Michelle Obama said the nation has to “embrace” youths whose lives are surrounded by violence and “let them know we hear” their concerns.
In a taped interview on CBS’s “Sunday Morning,” Obama discussed violence in her home town of Chicago and her visit with students at a high school in the city’s West Englewood neighborhood.
“One kid told me he felt like he lived in a cage, because he feels like his community is unseen, unheard and nobody cares about it,” Obama said. “What’s our obligation to these kids? We do have one.”
The first lady said the students’ experiences underscore a larger problem with violence in U.S. cities. “We have millions of kids living in these kind of circumstances who are doing everything right, and we, as a nation, have to embrace these kids and let them know that we hear them, we see them.”
Obama has become increasingly vocal about Chicago’s gun violence and homicide rate. Before meeting with the Chicago students last month, she gave a speech in which she said she identified with Hadiya Pendleton, the 15-year-old honors student who was fatally shot this year in a park near the Obamas’ home in the city.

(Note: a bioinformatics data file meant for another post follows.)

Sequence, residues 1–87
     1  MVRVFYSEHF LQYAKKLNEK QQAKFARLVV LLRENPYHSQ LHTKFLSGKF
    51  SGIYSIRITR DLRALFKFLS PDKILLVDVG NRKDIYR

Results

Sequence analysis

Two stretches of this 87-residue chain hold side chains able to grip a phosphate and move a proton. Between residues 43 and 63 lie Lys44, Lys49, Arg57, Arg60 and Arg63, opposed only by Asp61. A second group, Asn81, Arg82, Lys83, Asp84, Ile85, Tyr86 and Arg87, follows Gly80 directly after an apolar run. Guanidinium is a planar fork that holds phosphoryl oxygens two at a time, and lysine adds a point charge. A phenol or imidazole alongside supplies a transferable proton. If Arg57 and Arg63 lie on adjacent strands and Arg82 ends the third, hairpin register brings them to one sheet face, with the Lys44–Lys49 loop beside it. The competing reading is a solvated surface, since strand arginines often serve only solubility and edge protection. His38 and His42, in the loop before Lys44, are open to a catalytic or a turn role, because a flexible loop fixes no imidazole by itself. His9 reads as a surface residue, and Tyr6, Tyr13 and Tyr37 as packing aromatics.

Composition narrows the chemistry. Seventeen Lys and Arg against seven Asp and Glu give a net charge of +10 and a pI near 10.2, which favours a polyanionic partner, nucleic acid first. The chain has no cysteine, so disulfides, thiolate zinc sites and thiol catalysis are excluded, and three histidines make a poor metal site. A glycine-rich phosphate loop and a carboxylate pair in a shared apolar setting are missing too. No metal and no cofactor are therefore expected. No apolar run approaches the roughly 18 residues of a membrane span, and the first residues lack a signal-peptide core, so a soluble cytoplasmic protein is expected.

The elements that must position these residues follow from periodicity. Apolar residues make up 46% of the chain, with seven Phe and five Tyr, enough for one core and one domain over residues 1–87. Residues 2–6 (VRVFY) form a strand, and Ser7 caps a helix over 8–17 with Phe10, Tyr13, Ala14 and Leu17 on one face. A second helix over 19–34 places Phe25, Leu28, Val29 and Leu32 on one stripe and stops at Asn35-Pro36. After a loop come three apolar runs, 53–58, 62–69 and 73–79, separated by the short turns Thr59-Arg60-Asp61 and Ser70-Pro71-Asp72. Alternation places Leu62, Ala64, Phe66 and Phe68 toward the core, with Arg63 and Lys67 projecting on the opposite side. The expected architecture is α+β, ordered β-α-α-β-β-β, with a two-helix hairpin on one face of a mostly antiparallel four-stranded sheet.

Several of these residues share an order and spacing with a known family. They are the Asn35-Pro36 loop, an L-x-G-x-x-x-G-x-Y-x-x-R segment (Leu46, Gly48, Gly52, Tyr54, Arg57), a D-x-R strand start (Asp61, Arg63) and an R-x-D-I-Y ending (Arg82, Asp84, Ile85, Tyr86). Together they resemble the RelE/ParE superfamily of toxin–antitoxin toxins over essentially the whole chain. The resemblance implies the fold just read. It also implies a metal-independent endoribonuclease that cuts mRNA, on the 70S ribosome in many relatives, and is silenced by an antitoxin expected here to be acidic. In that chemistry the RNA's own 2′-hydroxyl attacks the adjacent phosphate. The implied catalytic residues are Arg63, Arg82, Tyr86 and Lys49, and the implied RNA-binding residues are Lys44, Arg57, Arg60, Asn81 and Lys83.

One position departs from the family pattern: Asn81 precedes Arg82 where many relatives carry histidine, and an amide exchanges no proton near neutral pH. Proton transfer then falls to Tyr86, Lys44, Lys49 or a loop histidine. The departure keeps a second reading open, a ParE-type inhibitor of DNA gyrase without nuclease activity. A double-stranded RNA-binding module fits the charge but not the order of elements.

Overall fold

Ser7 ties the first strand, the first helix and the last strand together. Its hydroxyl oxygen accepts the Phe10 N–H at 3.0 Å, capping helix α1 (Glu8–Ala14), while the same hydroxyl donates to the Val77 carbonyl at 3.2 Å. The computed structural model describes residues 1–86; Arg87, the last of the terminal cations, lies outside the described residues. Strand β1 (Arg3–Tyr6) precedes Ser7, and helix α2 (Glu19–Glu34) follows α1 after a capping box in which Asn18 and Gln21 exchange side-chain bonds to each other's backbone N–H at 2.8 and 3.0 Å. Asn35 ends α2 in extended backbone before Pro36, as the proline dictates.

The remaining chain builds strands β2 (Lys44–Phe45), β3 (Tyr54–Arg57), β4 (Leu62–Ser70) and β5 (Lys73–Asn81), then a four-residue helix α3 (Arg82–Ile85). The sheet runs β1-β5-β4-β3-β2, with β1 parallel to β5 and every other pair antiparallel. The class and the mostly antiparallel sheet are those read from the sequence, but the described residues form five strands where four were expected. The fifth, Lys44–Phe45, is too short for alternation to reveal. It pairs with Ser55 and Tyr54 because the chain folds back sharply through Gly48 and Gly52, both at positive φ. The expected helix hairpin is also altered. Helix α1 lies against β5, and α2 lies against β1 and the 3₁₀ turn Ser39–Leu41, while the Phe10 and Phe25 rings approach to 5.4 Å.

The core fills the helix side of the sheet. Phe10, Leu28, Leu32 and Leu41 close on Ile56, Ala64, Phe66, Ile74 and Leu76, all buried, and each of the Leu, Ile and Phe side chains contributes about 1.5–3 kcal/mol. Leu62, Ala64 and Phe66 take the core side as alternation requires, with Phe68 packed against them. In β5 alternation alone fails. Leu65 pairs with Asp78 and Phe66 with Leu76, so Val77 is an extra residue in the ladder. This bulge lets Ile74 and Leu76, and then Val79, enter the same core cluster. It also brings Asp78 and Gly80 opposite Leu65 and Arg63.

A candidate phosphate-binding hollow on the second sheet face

“Hadiya Pendleton was me,” Obama said, “and I was her.”
The National Rifle Association on Sunday wrapped up its first national meeting of members since the high-profile mass shootings last year at a movie theater in Aurora, Colo., and Sandy Hook Elementary School in Newtown, Conn.
The convention ended with a prayer breakfast and a presentation by rock musician Ted Nugent, which was closed to the news media.
Not only was the convention the NRA’s first national gathering of members since the shootings in Colorado and Connecticut, but it came less than a month after the Senate voted down a measure to expand background checks for gun buyers — a step favored by President Obama and most Americans.
An estimated 70,000 attendees participated in gun raffles and shooting sports and browsed among more than 550 booths selling firearms and myriad gun-related items.
Thermal-vision cameras — similar to equipment used by authorities in hunting for Boston Marathon bombing suspect Dzhokhar Tsarnaev — attracted a crowd of onlookers.
It was the biggest beehive that Ogden, Utah, beekeeper Vic Bachman has ever removed — a dozen feet long, packed inside the eve of a cabin in Ogden Valley.
“We figure we got 15 pounds of bees out of there,” said Bachman, who said that converts to about 60,000 honeybees.
Bachman was called to the A-frame cabin last month in Eden, Utah. Removing a panel that covered the roof rafters, he had no idea he would find honeycombs packed 12 feet long, four feet wide and 16 inches deep.
The honeybees had been making the cavity their home since 1996, hardly bothering the homeowners.
They didn’t want to kill the honeybees, a species in decline that does yeoman’s work pollinating flowers and crops. So Bachman used a vacuum cleaner to suck the bees into a cage. “It doesn’t hurt them,” he said.